Farrar, Jeremy; Ahuja, Anjana. Spike (p. 144). Profile. Kindle Edition. 

As SAGE noted ... the UK needed a test, trace and isolate system (TTI). It had to be in place before restrictions were lifted, because TTI works best when infections are low to begin with. It is a bit like rigging up a system to detect forest fires: a small flare-up is easily spied against a quiet background but not amid a raging blaze. TTI is a textbook recommendation in public health and countries like Germany and South Korea were running it smoothly. Why couldn’t the UK?

Farrar, Jeremy; Ahuja, Anjana. Spike (p. 145). Profile. Kindle Edition. 

Ministers decided it should be run centrally and, on 7 May, Baroness Dido Harding was appointed as its unpaid chair. It was a grave error. Health secretary Matt Hancock praised her ‘significant experience in healthcare and fantastic leadership’, but I could not see what skills she brought to the role. She chaired the regulator NHS Improvement but she had no extensive experience of public health.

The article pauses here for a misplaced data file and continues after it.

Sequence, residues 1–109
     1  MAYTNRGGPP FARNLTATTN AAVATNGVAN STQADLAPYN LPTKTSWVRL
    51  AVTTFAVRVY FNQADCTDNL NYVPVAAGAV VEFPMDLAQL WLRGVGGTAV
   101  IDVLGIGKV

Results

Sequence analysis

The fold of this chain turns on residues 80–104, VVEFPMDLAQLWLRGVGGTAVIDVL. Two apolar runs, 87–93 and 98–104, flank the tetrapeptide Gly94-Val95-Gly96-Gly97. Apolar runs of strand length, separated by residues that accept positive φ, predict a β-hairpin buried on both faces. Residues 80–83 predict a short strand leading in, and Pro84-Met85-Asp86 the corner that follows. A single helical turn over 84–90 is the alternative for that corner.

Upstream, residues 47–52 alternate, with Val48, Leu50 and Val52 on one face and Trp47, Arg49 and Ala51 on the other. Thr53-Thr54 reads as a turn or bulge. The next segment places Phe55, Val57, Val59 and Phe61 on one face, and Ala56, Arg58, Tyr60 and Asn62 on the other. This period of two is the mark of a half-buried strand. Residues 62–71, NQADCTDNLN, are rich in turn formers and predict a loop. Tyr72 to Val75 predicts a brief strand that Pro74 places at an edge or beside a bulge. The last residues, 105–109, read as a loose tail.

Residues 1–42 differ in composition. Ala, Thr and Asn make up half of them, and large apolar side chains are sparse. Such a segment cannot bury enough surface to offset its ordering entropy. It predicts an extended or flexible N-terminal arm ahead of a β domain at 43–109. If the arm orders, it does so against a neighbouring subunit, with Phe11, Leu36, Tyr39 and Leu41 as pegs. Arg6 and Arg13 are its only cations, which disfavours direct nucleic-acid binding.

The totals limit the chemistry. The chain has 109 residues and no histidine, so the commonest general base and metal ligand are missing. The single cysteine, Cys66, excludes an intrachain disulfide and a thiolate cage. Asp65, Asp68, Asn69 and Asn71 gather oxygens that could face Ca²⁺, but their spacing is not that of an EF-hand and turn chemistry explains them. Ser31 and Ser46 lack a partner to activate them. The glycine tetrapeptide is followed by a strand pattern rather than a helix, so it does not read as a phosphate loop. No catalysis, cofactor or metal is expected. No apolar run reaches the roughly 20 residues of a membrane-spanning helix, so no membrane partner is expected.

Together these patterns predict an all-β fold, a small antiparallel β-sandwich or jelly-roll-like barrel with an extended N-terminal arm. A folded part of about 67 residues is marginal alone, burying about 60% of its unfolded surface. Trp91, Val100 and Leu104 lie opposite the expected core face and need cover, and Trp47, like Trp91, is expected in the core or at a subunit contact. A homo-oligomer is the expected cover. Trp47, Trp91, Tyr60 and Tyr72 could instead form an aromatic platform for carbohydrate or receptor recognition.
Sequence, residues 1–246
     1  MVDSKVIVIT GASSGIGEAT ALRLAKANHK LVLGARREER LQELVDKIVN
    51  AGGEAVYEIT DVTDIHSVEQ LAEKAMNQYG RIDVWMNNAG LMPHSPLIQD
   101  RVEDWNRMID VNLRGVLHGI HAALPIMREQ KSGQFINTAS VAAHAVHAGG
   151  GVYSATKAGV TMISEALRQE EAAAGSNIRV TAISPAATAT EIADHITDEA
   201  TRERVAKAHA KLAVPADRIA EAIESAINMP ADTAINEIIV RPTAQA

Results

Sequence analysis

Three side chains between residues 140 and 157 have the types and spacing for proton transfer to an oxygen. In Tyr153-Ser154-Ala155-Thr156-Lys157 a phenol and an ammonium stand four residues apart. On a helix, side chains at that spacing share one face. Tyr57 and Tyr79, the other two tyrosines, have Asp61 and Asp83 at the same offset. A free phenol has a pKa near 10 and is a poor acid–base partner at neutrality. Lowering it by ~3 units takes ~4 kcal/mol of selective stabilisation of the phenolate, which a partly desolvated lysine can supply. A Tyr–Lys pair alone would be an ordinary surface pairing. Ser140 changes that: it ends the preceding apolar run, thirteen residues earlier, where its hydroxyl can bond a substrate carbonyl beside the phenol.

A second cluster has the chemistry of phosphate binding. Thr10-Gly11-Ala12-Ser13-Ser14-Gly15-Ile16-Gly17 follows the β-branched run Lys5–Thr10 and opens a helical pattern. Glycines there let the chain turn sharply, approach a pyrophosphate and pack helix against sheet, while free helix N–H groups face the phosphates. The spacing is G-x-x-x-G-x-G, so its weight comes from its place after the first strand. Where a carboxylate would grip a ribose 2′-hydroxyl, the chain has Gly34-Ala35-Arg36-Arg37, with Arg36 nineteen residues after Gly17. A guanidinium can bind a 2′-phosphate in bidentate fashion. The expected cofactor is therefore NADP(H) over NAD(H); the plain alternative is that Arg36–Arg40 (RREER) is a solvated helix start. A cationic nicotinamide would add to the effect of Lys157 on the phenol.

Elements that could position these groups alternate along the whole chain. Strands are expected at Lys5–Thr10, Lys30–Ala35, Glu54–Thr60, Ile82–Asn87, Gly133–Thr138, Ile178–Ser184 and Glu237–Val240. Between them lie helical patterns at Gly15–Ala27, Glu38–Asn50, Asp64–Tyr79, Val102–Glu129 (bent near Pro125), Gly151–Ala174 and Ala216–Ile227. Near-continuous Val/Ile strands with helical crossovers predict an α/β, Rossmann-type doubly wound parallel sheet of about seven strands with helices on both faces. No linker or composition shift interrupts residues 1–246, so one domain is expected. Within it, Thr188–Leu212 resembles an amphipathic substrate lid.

Farrar, Jeremy; Ahuja, Anjana. Spike (p. 145). Profile. Kindle Edition. 

Another bad error.

Some of her comments to select committees since then have done nothing to soften my opinion. She claimed that nobody could have predicted the surge in September 2020, at the beginning of the second wave. That surge was obvious and had even been modelled: cases were creeping upwards just before schools opened. As Timothy Gowers says, epidemiology is sometimes about grasping basic maths.

Farrar, Jeremy; Ahuja, Anjana. Spike (pp. 145-146). Profile. Kindle Edition.